Instructions: Provided on one large 16.5" x 22" sheet, printed both sides. Typical of kits of this era the graphics (some of the best I have seen) are supported by written instructions. Being a German re-issue the paint recommendations have been translated from English. However, the paint’s numerical references can easily be cross-referenced via the paint conversion charts posted on the Debris Field. Of benefit, rigging is indicated on the instructions although I suspect it may be somewhat simplified compared to was actually featured on the liner.

Decals: The kit supplied a small sheet of water-slide decals featuring the ship’s name, deck games, draught marks and funnel logo. Given the passage of time (the kit was opened), I was fortunate to find the decal sheet still in the box, if somewhat curled and yellowed. Whether they will be salvageable remains to be seen. A nice touch is the patches of aqua-green foil to represent the water of the two open-air swimming pools, but not the children’s splash pool. I am somewhat surprised the decal sheet did not offer the ‘ss Argentina’ option. (I have recently came across a reference to a separate ‘Argentina’ kit, however I believe this claim is bogus.)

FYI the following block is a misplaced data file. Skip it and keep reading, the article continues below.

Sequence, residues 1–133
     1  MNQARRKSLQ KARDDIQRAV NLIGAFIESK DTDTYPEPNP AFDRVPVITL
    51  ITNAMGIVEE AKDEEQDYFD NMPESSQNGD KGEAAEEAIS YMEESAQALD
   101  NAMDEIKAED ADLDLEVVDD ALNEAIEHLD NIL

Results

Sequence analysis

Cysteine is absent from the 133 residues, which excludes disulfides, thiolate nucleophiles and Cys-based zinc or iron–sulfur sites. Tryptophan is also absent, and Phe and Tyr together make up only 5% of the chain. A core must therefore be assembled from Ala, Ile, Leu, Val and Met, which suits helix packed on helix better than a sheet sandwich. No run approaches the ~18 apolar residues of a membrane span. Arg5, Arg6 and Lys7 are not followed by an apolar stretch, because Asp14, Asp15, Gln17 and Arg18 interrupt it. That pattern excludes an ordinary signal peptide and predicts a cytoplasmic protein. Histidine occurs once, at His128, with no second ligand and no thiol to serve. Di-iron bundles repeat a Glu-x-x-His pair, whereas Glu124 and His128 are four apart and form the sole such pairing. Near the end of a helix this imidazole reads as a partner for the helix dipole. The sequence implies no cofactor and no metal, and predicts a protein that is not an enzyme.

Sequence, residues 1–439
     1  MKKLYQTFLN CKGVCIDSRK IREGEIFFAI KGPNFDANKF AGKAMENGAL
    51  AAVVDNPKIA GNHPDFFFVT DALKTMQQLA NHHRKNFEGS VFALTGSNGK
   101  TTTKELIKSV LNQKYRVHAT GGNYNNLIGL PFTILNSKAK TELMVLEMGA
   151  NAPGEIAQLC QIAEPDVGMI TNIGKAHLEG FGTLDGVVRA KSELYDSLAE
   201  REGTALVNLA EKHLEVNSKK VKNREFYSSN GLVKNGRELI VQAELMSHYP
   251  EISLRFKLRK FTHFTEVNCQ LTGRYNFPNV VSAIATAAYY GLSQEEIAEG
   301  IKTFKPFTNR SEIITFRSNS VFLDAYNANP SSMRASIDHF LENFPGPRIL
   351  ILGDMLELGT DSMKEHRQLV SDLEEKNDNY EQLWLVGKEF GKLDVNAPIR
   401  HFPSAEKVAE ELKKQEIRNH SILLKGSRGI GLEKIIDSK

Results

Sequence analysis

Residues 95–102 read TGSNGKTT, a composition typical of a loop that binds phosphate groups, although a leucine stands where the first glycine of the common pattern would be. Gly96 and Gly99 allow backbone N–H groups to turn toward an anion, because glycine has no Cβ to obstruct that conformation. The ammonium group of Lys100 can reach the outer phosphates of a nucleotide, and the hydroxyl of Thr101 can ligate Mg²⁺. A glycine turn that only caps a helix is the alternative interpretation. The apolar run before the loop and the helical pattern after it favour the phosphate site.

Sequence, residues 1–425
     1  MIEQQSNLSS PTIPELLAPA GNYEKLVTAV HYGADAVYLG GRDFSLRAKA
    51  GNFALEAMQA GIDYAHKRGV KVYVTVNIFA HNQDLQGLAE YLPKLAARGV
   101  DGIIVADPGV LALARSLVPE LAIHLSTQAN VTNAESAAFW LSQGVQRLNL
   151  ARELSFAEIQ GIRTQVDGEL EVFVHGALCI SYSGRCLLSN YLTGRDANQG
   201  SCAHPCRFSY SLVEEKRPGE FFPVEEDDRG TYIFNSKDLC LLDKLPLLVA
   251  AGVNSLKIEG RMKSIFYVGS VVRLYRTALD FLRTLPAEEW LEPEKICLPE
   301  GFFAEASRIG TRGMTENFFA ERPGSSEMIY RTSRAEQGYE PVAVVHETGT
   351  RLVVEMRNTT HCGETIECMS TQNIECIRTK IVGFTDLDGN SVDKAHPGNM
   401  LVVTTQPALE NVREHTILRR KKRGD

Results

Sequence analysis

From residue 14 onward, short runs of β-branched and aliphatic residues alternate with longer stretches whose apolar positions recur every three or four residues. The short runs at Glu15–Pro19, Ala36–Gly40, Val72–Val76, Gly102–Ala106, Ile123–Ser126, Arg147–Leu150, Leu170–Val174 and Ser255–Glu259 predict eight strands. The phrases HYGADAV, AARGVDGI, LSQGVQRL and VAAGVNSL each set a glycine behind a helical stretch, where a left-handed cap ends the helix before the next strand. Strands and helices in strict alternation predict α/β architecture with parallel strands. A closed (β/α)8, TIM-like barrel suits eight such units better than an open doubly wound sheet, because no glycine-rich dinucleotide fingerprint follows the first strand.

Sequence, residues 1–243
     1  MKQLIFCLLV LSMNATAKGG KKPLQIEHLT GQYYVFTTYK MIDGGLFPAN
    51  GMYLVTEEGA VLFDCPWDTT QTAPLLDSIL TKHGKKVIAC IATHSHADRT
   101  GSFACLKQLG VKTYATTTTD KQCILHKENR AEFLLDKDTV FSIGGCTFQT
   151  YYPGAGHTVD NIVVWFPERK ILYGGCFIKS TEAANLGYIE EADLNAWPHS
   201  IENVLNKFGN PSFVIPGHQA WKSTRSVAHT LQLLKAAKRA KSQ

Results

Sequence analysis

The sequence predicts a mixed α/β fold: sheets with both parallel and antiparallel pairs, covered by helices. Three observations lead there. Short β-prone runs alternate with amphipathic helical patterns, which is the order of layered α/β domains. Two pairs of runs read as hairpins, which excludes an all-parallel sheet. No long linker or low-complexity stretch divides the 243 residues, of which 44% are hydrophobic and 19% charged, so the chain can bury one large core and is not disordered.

Review: All things considered this is one gem of a kit, one of the better in my collection. I am impressed by the level, and crispness, of molded detail, even on smaller components such as davits, featuring rivets and guide-wire gears. Even the brackets supporting the Promenade Deck overhang are featured. Flash is minimal and assemblies dry-fit / snap together tightly, with only a few obvious seams to be addressed. The hull features scribed paint lines, and the majority of hull, and superstructure, windows are molded open (including those of the inboard Promenade Deck bulkheads, representing what I believe to be the true architecture within). The hull does feature minor sinkholes, easily corrected. Portholes and gangways are molded raised. A novel touch is the two open hull gangways, each featuring a pair of shell doors against the hull. Accommodation ladders (with handrails), to be attached to the hull, are included, as well as the protective ‘propeller’ cages. As the open gangways allow one to ‘see through’ the hull, vestibules should be scratch-built inboard if one decides not to plug these openings (which will necessitate the removal of the hull doors). Unique to the ships’ design was the ‘funnel pavilion / solarium’, glazed forward and aft. Although short lived it did give the vessel a distinctly futuristic appearance, a forerunner (and perhaps also the inspiration) of the RCCL funnel lounges to come.